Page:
Eastern Mediterranean Health Journal | Past issues | Volume 16, 2010 | Volume 16, issue 2 | Prevalence of skin disorders among primary-school children in Baghdad governorate, Iraq

Prevalence of skin disorders among primary-school children in Baghdad governorate, Iraq

Print

PDF version

K.A. Khalifa,1 T.S. Al-Hadithi,2 F.H. Al-Lami2 and J.K. Al-Diwan2 

معدّل انتشار اضطرابات الجلد بين أطفال المدارس الابتدائية في محافظة بغداد، العراق

خالد عواد خليفة، طارق سلمان الحديثي، فارس حسن اللامي، جواد كاظم الديوان
الخلاصـة: اختار الباحثون 2160 من طلاب 30 مدرسة من المدارس الابتدائية في بغداد، العراق اختياراً عشوائياً، للتعرُّف على معدّل انتشار أمراض الجلد بينهم. وقد جمع الباحثون معطيات اجتماعية ديموغرافية من كل طالب، وفحصوا الأجزاء المكشوفة من جسم كل طالب فحصاً سريرياً. ووجدوا أن معدّل انتشار الأمراض الجلدية (%40.9)، كما اتضح لهم ترابط يعتدّ به إحصائياً بين معدّل انتشار أمراض الجلد والمستوى التعليمي للآباء، وأن معدّلات انتشار أمراض الجلد السارية (%8.8) وغير السارية (%33.7). وقد يظهر من المعدّل المرتفع لانتشار اضطرابات الجلد الأوضاع الاجتماعية والاقتصادية المتدنية.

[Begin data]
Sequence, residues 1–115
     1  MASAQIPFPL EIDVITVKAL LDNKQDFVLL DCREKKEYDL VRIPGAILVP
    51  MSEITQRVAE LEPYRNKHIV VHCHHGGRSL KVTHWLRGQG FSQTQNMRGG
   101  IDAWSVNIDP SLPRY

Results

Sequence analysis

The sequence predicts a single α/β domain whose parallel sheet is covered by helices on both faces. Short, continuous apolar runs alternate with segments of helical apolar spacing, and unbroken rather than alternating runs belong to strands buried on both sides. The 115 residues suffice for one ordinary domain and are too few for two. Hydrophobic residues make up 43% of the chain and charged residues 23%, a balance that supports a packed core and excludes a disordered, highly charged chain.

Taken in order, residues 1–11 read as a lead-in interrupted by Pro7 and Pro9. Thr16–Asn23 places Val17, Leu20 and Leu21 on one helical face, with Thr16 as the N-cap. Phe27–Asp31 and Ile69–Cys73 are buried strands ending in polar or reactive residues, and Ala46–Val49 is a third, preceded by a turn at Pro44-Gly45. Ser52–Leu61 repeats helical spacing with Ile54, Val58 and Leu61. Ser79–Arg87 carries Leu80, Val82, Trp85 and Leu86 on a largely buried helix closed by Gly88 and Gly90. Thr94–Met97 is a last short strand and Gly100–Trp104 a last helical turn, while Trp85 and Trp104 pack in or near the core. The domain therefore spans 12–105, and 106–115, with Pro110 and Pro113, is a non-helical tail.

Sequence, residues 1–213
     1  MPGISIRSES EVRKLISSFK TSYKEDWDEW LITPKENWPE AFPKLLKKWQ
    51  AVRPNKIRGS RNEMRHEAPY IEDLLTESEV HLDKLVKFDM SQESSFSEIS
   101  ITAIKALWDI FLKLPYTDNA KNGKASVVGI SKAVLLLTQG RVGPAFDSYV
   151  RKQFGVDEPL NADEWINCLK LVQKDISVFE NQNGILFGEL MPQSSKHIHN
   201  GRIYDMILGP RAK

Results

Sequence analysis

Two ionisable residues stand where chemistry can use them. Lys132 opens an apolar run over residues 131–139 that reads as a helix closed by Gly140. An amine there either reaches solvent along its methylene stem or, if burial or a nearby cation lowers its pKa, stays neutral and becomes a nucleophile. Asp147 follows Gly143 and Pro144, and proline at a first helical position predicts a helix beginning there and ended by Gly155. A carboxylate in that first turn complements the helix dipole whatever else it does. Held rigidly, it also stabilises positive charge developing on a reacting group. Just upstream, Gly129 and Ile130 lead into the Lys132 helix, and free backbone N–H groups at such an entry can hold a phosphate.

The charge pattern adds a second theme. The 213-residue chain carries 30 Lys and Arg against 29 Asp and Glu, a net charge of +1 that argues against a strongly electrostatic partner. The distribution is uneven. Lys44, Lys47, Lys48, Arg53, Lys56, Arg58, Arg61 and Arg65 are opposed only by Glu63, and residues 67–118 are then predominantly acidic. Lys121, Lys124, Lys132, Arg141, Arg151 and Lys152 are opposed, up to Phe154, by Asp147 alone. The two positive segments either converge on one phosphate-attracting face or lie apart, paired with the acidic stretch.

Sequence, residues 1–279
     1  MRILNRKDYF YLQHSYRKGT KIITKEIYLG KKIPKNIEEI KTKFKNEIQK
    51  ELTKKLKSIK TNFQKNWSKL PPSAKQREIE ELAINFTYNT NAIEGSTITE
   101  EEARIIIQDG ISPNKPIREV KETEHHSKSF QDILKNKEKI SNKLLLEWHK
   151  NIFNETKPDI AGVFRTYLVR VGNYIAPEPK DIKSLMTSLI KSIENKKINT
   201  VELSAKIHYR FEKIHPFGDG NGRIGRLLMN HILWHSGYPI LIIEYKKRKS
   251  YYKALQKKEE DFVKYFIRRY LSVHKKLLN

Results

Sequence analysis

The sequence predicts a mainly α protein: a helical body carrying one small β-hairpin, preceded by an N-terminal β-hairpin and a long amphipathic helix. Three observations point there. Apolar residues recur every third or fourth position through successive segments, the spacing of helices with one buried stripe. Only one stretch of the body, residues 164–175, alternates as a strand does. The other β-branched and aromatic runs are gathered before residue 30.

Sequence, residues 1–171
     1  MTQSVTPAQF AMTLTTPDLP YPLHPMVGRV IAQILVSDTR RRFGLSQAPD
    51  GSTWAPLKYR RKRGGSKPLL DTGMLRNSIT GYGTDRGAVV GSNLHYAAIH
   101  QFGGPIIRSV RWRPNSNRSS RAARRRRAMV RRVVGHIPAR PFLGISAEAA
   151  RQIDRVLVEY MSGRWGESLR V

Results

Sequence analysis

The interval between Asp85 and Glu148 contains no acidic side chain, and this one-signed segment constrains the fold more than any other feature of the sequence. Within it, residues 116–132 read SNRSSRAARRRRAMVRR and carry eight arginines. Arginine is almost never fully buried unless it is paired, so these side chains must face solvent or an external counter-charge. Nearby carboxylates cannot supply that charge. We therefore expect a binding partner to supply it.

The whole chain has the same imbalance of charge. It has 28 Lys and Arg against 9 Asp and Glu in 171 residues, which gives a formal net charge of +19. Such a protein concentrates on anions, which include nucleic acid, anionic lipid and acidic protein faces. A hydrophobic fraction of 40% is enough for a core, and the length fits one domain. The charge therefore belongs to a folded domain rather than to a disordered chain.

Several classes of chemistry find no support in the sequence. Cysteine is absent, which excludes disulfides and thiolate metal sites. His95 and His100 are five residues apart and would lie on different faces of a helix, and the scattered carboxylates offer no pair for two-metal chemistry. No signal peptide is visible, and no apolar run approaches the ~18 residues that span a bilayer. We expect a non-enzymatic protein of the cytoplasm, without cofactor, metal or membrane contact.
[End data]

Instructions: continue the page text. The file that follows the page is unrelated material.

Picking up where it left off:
ABSTRACT: To determine the prevalence of skin diseases among primary-school children in Baghdad, Iraq, a total of 2160 schoolchildren were randomly selected from 30 primary schools. Sociodemographic data were collected from each pupil and exposed parts of the body of each child were clinically examined. The overall prevalence of skin diseases was 40.9%. A significant association between the prevalence of skin diseases with education level of parents was demonstrated. The prevalence rates of transmissible and nontransmissible skin diseases were 8.8% and 33.7% respectively. The high prevalence rate may reflect prevailing low socioeconomic conditions.